He was evacuated to England on 16th October, and the VC was presented to him by King George V at Buckingham Palace on 2nd January 1918. He returned to resume command of 1st Lincolnshire on 4th January 1918, but took command of 1st Black Watch on 23rd January as acting Lt Colonel, which he held until 9th June. He was awarded a Bar to his DSO for his actions at Givenchy between 18th-20th April 1918. He then commanded 14th Brigade from June 1918 to February 1919 as Temporary Brigadier General, succeeding fellow VC, Frederick Lumsden. He was awarded the CMG for his command of 14th Brigade, and was also awarded the Belgian Officier de l’Ordre de Leopold and the Belgian Croix de Guerre.
On 10th October 1918 he married Dorothea Margaret Segrave Pryse-Rice at Holy Trinity Church, Sloane Square, London. She had served as a nurse in the Red Cross from 1914-19. Tragically, she died of influenza at St Thomas, Devon on 5th December 1921. They had a son, Griffith Eric Carberry Vaughan-Pryse-Rice Evans in February 1920, born in Chelsea. Lewis then was an instructor at Senior Officers School from 1920-1921, then was GSO2 Scottish Command until April 1925. He was then CO 2nd Black Watch from 1926-1930. He was then Assistant Adjutant General, Eastern Command on 15th May 1931 and commanded 159th (Welsh Border) Infantry Brigade TA on promotion to Brigadier from May 1933 to May 1937. In January 1936, he was a pall-bearer at the funeral of King George V. He retired in January 1938 as honorary Brigadier. On retirement he was awarded the Companion of Bath.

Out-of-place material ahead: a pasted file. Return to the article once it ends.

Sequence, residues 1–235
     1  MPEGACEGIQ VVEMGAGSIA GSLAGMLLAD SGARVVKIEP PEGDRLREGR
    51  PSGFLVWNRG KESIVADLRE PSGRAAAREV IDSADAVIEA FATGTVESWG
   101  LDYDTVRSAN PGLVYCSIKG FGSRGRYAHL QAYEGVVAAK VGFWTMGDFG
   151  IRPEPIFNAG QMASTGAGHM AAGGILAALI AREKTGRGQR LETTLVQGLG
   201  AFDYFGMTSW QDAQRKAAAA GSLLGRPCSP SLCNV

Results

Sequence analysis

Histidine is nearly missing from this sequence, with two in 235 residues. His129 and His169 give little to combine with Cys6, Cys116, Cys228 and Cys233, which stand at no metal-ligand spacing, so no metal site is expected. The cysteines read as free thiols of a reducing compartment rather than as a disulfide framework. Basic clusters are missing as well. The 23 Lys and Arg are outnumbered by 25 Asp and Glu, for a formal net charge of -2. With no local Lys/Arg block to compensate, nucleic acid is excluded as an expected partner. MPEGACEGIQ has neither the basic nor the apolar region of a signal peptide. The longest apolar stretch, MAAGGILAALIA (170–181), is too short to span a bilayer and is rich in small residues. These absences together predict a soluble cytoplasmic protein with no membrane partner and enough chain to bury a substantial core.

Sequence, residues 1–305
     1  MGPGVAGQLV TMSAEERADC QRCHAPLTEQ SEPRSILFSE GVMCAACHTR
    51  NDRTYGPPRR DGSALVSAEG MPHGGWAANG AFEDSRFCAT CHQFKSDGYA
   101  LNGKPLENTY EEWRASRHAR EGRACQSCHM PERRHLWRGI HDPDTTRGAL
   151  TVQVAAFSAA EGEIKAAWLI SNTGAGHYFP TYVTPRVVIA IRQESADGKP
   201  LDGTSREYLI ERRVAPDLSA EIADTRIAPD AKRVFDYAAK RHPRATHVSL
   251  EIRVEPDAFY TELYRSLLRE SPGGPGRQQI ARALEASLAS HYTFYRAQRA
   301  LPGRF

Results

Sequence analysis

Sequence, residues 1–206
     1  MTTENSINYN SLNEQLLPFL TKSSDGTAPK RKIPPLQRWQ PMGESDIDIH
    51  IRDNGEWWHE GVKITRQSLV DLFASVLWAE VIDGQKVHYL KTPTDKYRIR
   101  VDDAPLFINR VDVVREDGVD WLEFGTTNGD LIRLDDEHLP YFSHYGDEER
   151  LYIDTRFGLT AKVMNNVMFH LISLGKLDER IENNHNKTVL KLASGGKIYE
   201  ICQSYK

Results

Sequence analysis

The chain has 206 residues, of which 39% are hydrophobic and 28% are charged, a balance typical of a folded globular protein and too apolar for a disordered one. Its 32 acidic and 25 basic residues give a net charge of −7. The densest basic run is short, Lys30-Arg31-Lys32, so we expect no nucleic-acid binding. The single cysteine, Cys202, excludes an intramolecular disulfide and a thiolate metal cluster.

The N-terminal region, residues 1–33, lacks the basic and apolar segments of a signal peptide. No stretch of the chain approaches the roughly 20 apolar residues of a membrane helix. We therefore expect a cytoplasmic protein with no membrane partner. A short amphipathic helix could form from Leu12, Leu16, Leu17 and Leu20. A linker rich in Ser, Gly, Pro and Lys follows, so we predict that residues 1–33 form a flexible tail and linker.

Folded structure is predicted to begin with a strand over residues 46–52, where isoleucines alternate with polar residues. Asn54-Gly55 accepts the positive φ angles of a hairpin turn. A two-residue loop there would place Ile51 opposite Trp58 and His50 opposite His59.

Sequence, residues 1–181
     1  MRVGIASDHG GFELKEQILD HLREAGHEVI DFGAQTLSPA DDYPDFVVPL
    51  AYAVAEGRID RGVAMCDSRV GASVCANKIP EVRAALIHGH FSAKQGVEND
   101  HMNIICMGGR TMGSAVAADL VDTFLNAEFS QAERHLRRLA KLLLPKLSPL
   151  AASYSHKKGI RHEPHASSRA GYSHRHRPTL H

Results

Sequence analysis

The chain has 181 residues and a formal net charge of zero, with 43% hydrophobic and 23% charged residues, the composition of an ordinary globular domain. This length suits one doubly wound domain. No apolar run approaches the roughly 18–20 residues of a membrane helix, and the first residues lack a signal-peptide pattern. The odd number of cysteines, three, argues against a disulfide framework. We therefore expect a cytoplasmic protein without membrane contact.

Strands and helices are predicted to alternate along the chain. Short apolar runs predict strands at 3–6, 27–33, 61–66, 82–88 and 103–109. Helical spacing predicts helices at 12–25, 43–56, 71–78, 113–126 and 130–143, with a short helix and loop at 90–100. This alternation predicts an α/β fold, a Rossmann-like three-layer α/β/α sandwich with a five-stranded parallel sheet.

Lewis retired back to Wales and took an active role in the local community around the Lovesgrove Estate. He was Chairman of the British Legion at Llanbadarn Fawr, and President of the Aberystwyth British Legion for 25 years. He was also County Commissioner of St John’s Ambulance (awarded the Order of St John in 1941 and Commander of St John in 1947). He was appointed Honorary Colonel of the 16th (Welsh) Parachute Battalion from 1947 and Honorary Colonel Cardiganshire Cadet Force. He attended a number of VC Reunions including the 1956 Centenary at Hyde Park and the 3rd VCGCA Reunion at the Café Royal, London in July 1962.
On 30th November 1962, Lewis left Aberystwyth to attend his grandson’s confirmation and died of a heart attack after stepping off the train at Paddington Station, London. He was buried in St Padarn’s Churchyard, Llanbadarn Fawr, Ceredigion in the family plot. In addition to the VC, he was awarded the CB, CMG, DSO and Bar, Commander of the Order of the Hospital of St John of Jerusalem, Queen’s South Africa Medal 1899-1902 with five clasps, King’s South Africa Medal 1901-1902 with two clasps, 1914 Star with “Mons” clasp, British War Medal 1914-20, Victory Medal 1914-19 with Mentioned in Despatches oakleaf, Defence Medal 1939-45, George V Delhi Durbar Medal 1911, George V Silver Jubilee Medal 1935, George VI Coronation Medal 1937, Elizabeth II Coronation Medal 1953, Belgian Order of Leopold and Belgian Croix de Guerre 1914-18. The VC group was acquired by the Ashcroft Trust in 2009 and is displayed in the Imperial War Museum.
LOCATION OF MEDAL: LORD ASHCROFT GALLERY, IMPERIAL WAR MUSEUM.
BURIAL PLACE: LLANBADARN FAWR CEMETERY, CEREDIGION, WALES.
Lewis Evans' medals including VC and DSO and Bar on display at Lord Ashcroft Gallery, Imperial War Museum, London (August 2014).
War Memorial, Llanbadarn Fawr, Wales
Llanbadarn Fawr Churchyard, January 2016
DSO Bar Citation
King's South Africa Medal Roll